How a recovering Bootstrapper learned to (sort of ) love CSS

TL;DR: CSS Grid and Flexbox are the nuts.

I have been a frontend developer for around 4 years.

I fell into it by accident and was initially a bit disgruntled that I wasn’t doing ‘proper’ software development (you know, databases, servers and all that).

That soon changed after I realised how bat shit complex and interesting the frontend layer of modern applications has become.

But until recently I still had a bit of a mental block about/pure hatred of CSS.

I told myself I was better suited to the lovely logical land of frontend data architectures (one way data flow, redux), unit testing, integration testing, TypeScript, RxJS, e2e testing, frontend ‘devops’ (messing around with build servers… definitely not an expert) and so on. Basically anything and everything that my job involved other than CSS.

I was on board with CSS related to styling and colouring/shaping/animating things, but the layout stuff felt fundamentally broken and hacky, and really pissed me off.

As a result I greedily grabbed any weird abstraction on top of CSS, ideally one that let me write JavaScript, and used that instead (styled components in React, Bootstrap for everything else).

And I was pretty happy.

Every now and again I would be unable to do something, or something would break and I wouldn’t understand why, but I told myself it was just that CSS was stupid and broken and I could leave that pixel pushing stuff to someone else in the team.

Obviously I was wrong, and fortunately enough of my colleagues told me I was wrong that I finally ripped off the band aid and starting using CSS proper (well SASS, but that’s another story…).

While I do think that Bootstrap in particular filled a very real need for a while (centering divs for one), it turned out that CSS has quietly moved on and seen some improvements which make it far more suitable for building modern UIs.

Enter CSS Grid and Flexbox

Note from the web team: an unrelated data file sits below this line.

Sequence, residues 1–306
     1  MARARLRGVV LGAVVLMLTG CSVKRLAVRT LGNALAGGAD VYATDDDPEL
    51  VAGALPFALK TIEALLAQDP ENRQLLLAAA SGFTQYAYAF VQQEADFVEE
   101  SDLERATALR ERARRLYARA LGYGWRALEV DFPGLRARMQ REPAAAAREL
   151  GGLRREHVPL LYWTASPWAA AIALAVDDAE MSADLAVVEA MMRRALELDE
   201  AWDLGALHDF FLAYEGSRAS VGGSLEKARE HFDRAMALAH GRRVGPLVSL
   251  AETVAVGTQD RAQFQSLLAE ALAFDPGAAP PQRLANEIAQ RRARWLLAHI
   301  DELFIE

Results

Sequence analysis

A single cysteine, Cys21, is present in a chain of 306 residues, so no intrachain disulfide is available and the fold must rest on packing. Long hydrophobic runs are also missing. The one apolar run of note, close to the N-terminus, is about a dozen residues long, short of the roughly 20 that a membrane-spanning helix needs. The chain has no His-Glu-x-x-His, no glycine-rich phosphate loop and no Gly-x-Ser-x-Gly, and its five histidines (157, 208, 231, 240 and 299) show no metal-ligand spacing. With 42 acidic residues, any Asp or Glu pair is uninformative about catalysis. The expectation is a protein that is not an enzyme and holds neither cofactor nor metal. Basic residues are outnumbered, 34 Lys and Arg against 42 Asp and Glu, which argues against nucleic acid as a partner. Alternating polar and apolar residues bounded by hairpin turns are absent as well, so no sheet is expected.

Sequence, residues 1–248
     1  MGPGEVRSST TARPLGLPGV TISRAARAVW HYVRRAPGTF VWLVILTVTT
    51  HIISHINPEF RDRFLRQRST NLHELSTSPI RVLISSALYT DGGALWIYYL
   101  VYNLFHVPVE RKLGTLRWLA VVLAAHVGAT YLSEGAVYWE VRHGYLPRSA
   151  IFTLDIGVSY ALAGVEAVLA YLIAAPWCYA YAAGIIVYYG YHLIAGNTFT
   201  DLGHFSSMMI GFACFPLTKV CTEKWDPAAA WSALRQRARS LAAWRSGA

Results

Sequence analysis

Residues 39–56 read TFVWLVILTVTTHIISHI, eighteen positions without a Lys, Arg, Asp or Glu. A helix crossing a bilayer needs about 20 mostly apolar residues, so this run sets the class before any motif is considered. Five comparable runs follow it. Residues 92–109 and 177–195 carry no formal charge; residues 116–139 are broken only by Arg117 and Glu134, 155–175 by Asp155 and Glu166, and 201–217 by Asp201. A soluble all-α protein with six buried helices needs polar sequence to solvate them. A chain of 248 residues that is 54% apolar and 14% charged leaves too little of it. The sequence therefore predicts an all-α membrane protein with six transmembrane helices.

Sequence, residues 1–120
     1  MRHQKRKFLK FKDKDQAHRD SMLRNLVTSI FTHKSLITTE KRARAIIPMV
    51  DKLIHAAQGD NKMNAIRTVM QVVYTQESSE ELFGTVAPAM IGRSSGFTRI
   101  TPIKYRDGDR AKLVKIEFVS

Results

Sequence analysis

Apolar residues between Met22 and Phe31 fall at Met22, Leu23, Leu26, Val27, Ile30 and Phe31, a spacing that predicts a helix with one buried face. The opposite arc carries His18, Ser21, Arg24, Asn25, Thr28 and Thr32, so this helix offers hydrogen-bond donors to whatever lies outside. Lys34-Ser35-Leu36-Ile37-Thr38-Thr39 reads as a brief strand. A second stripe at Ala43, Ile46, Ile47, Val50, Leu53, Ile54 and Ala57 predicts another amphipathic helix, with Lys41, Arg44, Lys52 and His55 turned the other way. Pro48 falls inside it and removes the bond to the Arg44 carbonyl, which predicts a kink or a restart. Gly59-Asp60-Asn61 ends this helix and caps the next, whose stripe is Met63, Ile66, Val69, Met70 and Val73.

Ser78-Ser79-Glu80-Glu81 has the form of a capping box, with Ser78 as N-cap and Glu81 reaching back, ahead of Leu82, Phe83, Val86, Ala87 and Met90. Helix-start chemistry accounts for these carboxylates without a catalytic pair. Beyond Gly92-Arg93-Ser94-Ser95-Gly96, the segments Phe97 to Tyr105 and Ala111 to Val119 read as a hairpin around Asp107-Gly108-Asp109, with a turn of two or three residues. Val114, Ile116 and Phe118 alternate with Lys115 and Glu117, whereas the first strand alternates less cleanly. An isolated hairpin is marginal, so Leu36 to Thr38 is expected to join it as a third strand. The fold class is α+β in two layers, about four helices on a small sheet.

These two additions to CSS basically solve all of the things related to layout that previously drove me mad.

You can now write fluid layouts that flow about the page in a sensible way at different sizes, based on a simple set of rules.

You can also, using just CSS, totally change the order in which things are rendered on the screen and the layout, without changing the order of your semantic markup (and also without adding a gazillion divs).

So now, finally, your CSS is purely responsible for styling your content (including laying it out on the page) and your HTML is purely responsible for the content itself.


All i will say is that, as with most new things, there is a bunch of weird terminology you have to learn first. It is slightly painful but worth doing. I’m not going to go into any more detail on these two features, as honestly a bunch of other people have done a far better job:

Grid resources

Flexbox resources

Enough of your gabbing, what does it look like!?!

To play around more heavily with grid in particular, I put together a crappy little project to try and replicate this slice of 90s joy for the modern mobile first age.

I’ve inventively called it spice jam to avoid being sued and used a bunch of free for reuse svgs from the internet to play around with the layout.

I’ve basically treated it as a proof of concept for myself, and it is far from functional, but for anyone interested in seeing how powerful grid can be in entirely separating your markup from the way it is rendered, I think it could be a helpful example/playground to mess around in.